preprocess_function=partial(preprocess_fn, tokenizer=quantizer.tokenizer),
# Create the calibration configuration containing the parameters related to calibration.
calibration_config = AutoCalibrationConfig.percentiles(calibration_dataset, percentile=99.99239080907178)
# Perform the calibration step: computes the activations quantization ranges
for i in range(shards):
    shard = calibration_dataset.shard(shards, i)
        onnx_model_path=onnx_path / "model.onnx",
ranges = quantizer.compute_ranges()
# remove temp augmented model again

4. Use the ORTQuantizer to apply static quantization

After we have calculated our calibration tensor ranges we can quantize our model using the ORTQuantizer.

from utils import create_quantization_preprocessor
# create processor
quantization_preprocessor = create_quantization_preprocessor()
# Quantize the same way we did for dynamic quantization!
    onnx_model_path=onnx_path / "model.onnx",
    onnx_quantized_model_output_path=onnx_path / "model-quantized.onnx",

Lets quickly check the new model size.

import os
# get model file size
size = os.path.getsize(onnx_path / "model.onnx")/(1024*1024)
quantized_model = os.path.getsize(onnx_path / "model-quantized.onnx")/(1024*1024)
print(f"Model file size: {size:.2f} MB")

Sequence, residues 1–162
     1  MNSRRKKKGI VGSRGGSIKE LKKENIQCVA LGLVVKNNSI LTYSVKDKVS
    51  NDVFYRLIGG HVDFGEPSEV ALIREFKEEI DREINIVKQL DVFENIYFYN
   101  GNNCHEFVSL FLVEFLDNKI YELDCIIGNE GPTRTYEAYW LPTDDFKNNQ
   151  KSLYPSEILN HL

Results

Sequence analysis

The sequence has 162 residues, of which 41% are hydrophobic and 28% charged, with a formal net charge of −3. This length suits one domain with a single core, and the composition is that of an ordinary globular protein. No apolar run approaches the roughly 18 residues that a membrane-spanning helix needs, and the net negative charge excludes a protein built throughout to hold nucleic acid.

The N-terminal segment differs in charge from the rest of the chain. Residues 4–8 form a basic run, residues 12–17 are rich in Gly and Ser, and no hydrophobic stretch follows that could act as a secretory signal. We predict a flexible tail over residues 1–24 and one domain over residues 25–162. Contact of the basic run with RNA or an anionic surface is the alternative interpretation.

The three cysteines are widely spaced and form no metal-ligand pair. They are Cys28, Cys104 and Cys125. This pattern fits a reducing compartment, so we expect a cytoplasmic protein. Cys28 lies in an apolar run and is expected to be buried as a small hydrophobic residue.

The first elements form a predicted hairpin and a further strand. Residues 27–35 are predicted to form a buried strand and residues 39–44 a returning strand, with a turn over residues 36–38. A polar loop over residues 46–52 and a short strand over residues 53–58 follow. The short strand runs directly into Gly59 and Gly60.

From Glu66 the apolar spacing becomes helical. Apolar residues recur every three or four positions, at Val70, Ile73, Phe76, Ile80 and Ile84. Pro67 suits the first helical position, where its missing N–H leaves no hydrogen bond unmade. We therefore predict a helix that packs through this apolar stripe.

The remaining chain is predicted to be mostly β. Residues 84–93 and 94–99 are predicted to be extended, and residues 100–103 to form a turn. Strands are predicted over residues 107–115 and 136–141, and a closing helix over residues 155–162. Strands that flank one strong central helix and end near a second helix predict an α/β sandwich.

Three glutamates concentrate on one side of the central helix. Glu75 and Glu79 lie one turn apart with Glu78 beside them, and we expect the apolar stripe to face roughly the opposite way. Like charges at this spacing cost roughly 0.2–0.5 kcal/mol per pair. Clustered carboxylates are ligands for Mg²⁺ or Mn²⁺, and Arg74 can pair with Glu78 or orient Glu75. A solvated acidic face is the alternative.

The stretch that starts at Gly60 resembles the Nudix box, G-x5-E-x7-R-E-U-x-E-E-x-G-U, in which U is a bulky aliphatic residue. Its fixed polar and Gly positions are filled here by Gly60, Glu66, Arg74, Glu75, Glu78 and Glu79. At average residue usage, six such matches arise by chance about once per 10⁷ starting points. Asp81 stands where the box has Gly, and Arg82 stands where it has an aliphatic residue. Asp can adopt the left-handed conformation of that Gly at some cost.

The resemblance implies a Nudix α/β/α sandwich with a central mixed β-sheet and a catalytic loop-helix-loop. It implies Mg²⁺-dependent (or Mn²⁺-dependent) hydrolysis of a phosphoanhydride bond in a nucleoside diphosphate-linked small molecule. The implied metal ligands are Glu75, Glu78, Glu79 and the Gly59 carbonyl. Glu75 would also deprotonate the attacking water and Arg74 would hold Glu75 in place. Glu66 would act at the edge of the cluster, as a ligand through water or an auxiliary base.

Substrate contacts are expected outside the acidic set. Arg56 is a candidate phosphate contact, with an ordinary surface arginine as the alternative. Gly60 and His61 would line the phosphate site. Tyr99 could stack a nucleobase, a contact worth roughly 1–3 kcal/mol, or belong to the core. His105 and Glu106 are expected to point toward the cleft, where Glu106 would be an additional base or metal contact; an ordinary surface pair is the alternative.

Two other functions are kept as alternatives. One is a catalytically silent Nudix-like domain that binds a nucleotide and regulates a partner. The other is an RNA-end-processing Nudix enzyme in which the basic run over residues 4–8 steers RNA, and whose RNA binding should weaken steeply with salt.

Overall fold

print(f"Quantized Model file size: {quantized_model:.2f} MB")
#    Model file size: 255.68 MB
#    Quantized Model file size: 134.32 MB

5. Test inference with the quantized model

Optimum has built-in support for transformers pipelines. This allows us to leverage the same API that we know from using PyTorch and TensorFlow models. Therefore we can load our quantized model with ORTModelForSequenceClassification class and transformers pipeline.

from optimum.onnxruntime import ORTModelForSequenceClassification
from transformers import pipeline, AutoTokenizer
model = ORTModelForSequenceClassification.from_pretrained(onnx_path,file_name="model-quantized.onnx")
tokenizer = AutoTokenizer.from_pretrained(onnx_path)
clx = pipeline("text-classification",model=model, tokenizer=tokenizer)
clx("What is the exchange rate like on this app?")

6. Evaluate the performance and speed

We can now leverage the map function of datasets to iterate over the validation set of squad 2 and run prediction for each data point. Therefore we write a evaluate helper method which uses our pipelines and applies some transformation to work with the squad v2 metric.

from evaluate import evaluator